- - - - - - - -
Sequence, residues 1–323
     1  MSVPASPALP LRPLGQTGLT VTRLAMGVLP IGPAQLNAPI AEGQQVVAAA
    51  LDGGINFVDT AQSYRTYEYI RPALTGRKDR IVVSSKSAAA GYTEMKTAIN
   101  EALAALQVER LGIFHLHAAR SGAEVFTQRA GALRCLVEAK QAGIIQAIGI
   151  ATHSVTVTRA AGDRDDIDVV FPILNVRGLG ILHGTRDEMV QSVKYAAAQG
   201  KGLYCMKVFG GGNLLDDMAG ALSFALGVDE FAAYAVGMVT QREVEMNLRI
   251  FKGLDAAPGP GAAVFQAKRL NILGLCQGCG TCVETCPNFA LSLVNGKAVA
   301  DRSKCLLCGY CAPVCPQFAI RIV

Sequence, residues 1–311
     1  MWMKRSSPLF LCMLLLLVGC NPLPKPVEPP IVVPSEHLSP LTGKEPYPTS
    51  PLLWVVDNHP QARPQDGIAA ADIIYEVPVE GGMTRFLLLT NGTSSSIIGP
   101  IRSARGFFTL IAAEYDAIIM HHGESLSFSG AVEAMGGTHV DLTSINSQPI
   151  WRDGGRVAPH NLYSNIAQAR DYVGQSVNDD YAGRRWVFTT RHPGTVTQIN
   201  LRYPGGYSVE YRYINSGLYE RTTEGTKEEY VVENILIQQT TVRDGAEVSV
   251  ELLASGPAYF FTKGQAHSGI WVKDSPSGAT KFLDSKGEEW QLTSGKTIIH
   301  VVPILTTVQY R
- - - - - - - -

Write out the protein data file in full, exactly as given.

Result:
Sequence, residues 1–323
     1  MSVPASPALP LRPLGQTGLT VTRLAMGVLP IGPAQLNAPI AEGQQVVAAA
    51  LDGGINFVDT AQSYRTYEYI RPALTGRKDR IVVSSKSAAA GYTEMKTAIN
   101  EALAALQVER LGIFHLHAAR SGAEVFTQRA GALRCLVEAK QAGIIQAIGI
   151  ATHSVTVTRA AGDRDDIDVV FPILNVRGLG ILHGTRDEMV QSVKYAAAQG
   201  KGLYCMKVFG GGNLLDDMAG ALSFALGVDE FAAYAVGMVT QREVEMNLRI
   251  FKGLDAAPGP GAAVFQAKRL NILGLCQGCG TCVETCPNFA LSLVNGKAVA
   301  DRSKCLLCGY CAPVCPQFAI RIV

Sequence, residues 1–311
     1  MWMKRSSPLF LCMLLLLVGC NPLPKPVEPP IVVPSEHLSP LTGKEPYPTS
    51  PLLWVVDNHP QARPQDGIAA ADIIYEVPVE GGMTRFLLLT NGTSSSIIGP
   101  IRSARGFFTL IAAEYDAIIM HHGESLSFSG AVEAMGGTHV DLTSINSQPI
   151  WRDGGRVAPH NLYSNIAQAR DYVGQSVNDD YAGRRWVFTT RHPGTVTQIN
   201  LRYPGGYSVE YRYINSGLYE RTTEGTKEEY VVENILIQQT TVRDGAEVSV
   251  ELLASGPAYF FTKGQAHSGI WVKDSPSGAT KFLDSKGEEW QLTSGKTIIH
   301  VVPILTTVQY R